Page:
In 1861 weaving and watchmaking were both in a deep slump, which was in part due to the American civil war, people were starving and soup kitchens were set up. Many people were leaving the city to emigrate and prominent citizens were deeply concerned that the local pool of skilled labour was being diminished. They therefore set up a company (The Coventry Machinists) to manufacture sewing machines and the watchmakers proved adept at this due to the similarity of the work in making gearwheels and assembling drive trains

A nephew of Singer, who was one of the directors of the Coventry Machinists, visited Paris and bought back with him a French “boneshaker” bicycle. this was a rather crude affair but the potential was recognised by James Starley who was a foreman at the company and he developed the machine to be the forerunner of the modern bicycle. It was not long before former watchmakers found themselves making bicycles; this even included former dial painters being employed to paint the fine lines and designs on the cycle frames. Other cycle manufacturers sprang up in Coventry and at one point it was considered to be the cycle manufacturing centre of Europe. The invention of the internal combustion engine soon led to the development of a motor cycle and then motor car industry and entrepreneurs and inventors followed the by now well-trodden path to Coventry.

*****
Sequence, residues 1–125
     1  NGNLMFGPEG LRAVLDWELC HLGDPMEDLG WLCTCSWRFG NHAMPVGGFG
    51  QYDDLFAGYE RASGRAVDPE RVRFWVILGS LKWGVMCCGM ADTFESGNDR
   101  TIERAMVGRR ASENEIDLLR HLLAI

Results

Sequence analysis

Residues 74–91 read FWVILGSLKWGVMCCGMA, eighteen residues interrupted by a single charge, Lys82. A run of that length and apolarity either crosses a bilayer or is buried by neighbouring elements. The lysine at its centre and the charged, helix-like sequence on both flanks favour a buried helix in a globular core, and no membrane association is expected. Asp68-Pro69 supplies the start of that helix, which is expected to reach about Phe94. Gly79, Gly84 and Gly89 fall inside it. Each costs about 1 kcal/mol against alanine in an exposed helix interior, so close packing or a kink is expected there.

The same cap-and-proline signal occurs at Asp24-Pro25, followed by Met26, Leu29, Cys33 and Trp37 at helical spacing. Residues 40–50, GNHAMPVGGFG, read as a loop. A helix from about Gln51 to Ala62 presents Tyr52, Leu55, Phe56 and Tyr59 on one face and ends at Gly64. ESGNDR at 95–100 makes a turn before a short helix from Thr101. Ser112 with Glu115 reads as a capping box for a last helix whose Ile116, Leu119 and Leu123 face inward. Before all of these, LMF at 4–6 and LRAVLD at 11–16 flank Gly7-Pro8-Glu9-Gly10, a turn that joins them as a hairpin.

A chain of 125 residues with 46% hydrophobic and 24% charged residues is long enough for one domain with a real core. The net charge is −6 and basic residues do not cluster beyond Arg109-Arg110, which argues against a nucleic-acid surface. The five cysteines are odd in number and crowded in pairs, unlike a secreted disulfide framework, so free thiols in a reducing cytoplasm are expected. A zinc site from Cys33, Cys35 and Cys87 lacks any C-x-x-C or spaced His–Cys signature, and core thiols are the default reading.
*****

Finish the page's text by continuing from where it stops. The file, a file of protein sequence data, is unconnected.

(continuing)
The Coventry clock and watch industry did survive the 1861 slump and watchmaking continued until the outbreak of the second world war, when the major manufacturers turned their hands to the production of munitions and other military equipment, which was why Coventry was targeted by bombing raids.

The major manufacturer, Rotherhams and Sons was making parts for the automotive trade after the war but did re-commence the making of a range of clocks which were usually given as presentation pieces and this continued until the 1960’s. So there you have it, without watchmaking in Coventry, we could well have gone without engineering overall!

This blog post was written by Coventry Watch Museum. The Coventry Watch Museum Project consists of a group of people, many of whom were born and bred in Coventry, who are seeking to inform people about the history of watchmaking which was so important to the industrial development of the city. The Project is a company limited by guarantee and a registered charity.

For more information about Coventry Watch Museum click here

Why you should be using social media before your competitors